AMBITIOUS plans for an electricity storage facility near Wilsden’s electricity substation have been withdrawn.

UK Battery Storage Ltd had applied for planning permission to create giant batteries inside 50 shipping containers off Old Allen Road.

But the proposal for the energy storage compound at Harrop Edge Farm, which was branded a potential eyesore by Wilsden Parish Council, was withdrawn last month.

In its application, West-Yorkshire-based UK Battery Storage had said the facility would be temporary, returning to agricultural land following its 20-year operating period.

There would be up to 50 battery storage units housed within steel containers, in a project creating the equivalent of two full-time jobs.

The company said: “It is envisaged that the battery units would be based on 40ft steel sea containers. These can be housed within agricultural sheds if this is required.

“The site would be screened with bunding and native tree planting which would have the added effect of further screening the existing substation as viewed from the south.”

UK Battery Storage Ltd said it wanted to develop a range of energy storage facilities complement’s existing portfolio of renewable energy projects.

It said the Wilsden facility would support the UK government’s aspirations to modernise the existing electricity grid and safeguard the country’s supply.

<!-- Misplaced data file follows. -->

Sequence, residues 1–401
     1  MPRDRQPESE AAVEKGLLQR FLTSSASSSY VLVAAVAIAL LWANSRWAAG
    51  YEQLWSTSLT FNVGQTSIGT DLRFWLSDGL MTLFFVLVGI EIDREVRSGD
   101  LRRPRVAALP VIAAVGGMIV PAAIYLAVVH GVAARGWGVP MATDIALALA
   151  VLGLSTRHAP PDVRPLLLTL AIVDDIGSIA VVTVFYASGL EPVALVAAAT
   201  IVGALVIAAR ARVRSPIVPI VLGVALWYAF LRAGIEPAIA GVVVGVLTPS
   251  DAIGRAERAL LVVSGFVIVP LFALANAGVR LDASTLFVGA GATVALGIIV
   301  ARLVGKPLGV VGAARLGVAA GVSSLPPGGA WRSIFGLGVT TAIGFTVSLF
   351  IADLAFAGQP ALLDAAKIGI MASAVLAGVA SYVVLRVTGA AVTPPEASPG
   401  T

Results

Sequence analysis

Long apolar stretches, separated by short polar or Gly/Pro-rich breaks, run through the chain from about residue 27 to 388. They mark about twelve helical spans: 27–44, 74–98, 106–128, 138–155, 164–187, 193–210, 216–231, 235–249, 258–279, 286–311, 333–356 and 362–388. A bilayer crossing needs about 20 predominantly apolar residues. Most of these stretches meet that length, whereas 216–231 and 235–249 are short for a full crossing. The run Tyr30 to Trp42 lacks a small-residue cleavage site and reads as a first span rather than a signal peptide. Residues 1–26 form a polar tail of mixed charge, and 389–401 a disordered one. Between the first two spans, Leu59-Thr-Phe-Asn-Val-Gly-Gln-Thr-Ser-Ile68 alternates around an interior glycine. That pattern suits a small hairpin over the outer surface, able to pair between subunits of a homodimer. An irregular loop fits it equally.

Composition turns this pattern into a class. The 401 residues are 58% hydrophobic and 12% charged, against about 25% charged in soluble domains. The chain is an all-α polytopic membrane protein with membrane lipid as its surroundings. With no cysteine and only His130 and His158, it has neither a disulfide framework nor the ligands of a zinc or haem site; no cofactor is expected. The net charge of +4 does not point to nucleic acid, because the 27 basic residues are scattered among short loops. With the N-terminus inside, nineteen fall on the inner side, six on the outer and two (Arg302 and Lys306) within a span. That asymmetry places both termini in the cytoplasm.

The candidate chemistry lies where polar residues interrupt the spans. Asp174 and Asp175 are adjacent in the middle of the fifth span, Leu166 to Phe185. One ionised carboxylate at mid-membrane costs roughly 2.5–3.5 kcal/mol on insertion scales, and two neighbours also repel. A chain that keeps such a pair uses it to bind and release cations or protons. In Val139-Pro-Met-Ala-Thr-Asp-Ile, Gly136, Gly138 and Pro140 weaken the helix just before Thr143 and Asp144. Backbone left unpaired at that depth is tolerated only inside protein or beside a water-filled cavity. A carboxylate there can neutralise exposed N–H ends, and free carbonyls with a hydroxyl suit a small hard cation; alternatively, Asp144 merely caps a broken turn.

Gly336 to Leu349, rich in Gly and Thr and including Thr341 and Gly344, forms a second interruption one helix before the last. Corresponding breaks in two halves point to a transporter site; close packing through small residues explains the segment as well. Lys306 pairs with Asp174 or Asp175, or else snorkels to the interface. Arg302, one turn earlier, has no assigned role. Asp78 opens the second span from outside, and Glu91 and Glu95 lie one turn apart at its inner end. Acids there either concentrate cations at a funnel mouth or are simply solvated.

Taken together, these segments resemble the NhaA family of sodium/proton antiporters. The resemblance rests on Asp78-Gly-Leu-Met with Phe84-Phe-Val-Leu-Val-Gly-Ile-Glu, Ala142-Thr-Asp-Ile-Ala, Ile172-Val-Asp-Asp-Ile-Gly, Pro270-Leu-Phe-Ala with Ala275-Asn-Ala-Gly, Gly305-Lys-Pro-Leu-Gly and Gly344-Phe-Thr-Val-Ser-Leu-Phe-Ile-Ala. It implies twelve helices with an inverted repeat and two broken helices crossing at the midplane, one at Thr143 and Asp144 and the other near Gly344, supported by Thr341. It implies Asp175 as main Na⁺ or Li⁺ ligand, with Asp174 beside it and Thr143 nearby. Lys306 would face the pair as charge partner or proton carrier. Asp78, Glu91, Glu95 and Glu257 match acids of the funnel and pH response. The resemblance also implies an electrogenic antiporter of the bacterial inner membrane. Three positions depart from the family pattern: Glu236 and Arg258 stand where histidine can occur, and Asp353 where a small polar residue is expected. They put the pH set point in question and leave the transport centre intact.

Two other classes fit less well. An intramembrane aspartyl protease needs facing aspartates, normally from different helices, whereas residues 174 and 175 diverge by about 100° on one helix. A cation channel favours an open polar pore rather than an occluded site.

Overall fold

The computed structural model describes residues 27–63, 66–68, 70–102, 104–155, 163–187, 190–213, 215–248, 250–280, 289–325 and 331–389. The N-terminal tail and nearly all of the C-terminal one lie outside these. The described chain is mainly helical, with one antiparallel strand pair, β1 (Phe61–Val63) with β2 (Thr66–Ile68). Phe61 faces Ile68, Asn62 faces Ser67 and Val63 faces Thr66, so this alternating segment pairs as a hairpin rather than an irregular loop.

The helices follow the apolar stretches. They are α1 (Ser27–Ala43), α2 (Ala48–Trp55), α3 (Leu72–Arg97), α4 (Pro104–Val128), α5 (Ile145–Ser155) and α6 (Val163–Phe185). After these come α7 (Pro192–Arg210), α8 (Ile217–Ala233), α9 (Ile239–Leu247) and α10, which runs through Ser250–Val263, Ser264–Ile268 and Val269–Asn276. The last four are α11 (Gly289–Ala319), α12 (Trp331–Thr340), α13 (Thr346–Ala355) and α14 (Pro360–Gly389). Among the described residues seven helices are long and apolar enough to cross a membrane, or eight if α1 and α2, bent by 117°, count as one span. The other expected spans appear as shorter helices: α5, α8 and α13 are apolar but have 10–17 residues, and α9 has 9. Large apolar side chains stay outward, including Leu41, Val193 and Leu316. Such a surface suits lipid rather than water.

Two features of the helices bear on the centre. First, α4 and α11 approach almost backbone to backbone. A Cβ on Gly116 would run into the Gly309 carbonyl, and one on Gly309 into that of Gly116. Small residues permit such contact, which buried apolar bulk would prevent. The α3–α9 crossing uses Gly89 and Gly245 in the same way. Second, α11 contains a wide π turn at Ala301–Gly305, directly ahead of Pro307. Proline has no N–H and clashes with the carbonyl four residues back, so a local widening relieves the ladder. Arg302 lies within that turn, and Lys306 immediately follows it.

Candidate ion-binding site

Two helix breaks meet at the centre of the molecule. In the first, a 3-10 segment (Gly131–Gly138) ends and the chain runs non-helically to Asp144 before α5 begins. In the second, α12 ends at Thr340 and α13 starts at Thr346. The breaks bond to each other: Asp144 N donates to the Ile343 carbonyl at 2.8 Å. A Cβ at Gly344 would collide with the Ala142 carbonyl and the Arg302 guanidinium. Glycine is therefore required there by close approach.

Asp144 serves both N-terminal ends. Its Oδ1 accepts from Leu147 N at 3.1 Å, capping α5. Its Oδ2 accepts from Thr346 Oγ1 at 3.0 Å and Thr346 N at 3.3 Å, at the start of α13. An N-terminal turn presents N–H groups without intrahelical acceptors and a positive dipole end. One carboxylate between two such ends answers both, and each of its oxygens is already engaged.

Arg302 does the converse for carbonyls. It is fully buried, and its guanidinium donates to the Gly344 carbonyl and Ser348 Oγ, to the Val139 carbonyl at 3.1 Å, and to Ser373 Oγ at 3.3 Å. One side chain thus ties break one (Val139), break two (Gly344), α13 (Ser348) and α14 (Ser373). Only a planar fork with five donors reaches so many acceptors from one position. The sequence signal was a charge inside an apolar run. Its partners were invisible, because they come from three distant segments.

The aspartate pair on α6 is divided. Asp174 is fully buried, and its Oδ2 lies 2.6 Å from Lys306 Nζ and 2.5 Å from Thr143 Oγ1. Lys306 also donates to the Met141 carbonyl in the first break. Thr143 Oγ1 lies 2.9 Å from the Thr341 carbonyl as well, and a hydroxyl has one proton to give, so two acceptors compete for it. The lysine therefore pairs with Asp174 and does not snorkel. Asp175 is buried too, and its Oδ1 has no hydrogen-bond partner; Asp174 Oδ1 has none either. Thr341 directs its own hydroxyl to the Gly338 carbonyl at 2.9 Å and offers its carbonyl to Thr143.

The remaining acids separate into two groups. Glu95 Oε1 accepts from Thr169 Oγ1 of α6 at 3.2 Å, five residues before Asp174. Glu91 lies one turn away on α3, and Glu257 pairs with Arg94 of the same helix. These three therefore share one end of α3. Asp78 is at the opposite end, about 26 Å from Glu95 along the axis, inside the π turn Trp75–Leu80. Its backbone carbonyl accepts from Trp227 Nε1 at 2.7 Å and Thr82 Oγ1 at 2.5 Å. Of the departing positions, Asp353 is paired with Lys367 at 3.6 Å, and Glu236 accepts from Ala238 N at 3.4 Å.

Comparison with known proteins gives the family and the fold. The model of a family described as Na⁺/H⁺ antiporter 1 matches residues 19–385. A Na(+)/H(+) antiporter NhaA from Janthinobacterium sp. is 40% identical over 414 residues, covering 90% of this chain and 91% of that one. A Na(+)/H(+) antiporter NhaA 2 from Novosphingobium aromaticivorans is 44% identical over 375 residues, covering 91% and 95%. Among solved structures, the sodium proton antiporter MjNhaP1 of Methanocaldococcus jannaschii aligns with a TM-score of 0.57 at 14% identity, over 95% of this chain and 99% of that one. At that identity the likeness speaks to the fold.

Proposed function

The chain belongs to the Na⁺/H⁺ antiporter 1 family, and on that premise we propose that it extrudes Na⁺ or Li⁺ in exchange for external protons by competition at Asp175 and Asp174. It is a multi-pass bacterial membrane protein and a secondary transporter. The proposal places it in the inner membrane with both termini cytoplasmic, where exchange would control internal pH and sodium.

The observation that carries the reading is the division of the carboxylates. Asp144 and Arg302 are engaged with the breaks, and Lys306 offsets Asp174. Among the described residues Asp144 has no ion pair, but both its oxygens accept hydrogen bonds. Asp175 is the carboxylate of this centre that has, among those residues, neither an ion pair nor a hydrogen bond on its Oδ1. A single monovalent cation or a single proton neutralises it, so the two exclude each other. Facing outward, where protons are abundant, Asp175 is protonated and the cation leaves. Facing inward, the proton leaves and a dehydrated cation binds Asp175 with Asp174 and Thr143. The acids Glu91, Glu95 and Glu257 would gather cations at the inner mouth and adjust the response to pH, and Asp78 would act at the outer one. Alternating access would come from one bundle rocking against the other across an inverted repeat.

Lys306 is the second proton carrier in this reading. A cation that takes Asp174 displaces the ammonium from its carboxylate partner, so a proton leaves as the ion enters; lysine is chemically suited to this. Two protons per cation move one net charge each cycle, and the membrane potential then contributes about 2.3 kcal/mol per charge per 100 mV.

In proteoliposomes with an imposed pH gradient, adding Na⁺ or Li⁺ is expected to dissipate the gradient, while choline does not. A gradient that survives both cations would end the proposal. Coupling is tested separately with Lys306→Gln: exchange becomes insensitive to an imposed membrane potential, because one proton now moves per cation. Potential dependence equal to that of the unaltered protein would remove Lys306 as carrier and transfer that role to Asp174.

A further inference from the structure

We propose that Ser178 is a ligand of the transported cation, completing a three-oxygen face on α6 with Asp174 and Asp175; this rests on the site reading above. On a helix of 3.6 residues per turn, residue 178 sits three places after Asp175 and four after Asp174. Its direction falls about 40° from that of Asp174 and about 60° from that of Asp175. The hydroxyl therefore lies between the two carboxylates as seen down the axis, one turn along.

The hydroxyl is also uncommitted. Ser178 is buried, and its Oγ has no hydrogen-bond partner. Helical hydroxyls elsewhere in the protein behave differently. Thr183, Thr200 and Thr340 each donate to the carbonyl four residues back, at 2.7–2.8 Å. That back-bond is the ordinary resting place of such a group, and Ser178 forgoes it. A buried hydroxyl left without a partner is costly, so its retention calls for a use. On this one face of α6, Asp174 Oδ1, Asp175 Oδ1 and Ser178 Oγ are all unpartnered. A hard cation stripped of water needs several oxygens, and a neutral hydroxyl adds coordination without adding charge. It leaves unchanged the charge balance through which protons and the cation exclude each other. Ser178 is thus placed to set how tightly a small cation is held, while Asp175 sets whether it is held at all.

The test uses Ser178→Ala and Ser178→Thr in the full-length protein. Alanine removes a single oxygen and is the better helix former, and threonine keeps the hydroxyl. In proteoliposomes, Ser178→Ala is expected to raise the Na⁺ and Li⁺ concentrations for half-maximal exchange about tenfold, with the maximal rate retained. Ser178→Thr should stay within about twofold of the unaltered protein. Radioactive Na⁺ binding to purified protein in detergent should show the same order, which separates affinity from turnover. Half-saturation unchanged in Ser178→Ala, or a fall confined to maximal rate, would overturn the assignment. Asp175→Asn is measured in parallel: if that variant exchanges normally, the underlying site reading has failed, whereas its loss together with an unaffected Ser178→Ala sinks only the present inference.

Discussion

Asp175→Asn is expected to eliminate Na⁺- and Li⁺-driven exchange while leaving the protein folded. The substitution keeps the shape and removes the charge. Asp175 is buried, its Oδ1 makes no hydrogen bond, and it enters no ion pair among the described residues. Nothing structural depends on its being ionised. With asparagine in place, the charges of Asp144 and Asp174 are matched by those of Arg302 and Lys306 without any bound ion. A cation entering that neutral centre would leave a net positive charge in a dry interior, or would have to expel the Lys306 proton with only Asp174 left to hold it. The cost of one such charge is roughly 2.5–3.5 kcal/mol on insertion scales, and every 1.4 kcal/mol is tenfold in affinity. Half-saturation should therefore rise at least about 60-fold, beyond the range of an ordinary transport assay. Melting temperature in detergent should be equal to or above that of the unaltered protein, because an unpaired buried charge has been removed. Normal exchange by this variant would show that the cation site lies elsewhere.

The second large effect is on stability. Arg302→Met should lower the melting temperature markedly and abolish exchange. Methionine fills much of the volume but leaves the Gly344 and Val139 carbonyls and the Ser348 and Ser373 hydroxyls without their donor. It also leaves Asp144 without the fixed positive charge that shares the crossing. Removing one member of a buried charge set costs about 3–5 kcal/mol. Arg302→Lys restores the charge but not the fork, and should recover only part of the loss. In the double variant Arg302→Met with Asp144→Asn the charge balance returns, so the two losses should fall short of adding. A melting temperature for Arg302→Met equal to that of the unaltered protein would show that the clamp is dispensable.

One of the first facilities of its type in the country, it would provide “rapid-response” electrical back-up for the National Grid. Similar equipment was operating successfully in the US and across the world.

UK Battery Storage Ltd said the changing nature of electricity generation in the UK – including wind and solar power – meant there was a need to ensure enough energy was available at all times to meet demand.

The company added: “In 10 years energy storage is expected to be commonplace and form an integral part of the National Grid’s ability to maintain electricity supply within the UK.”

In their objections lodged with Bradford Council, Wilsden councillors said the application was inappropriate in the greenbelt.

They said: “Extending the visual influence of the substation to the east would create a new and unacceptable visual intrusion into the green belt.

“Should any further energy storage schemes of a similar nature come forward we would propose that these are sited within the current compound of the Harrop

Lane substation unless there is clear technical evidence as to why this cannot be achieved.”

Bradford Council’s environmental department expressed concerns about potential noise nuisance for local residents from cooling systems and an emergency generator.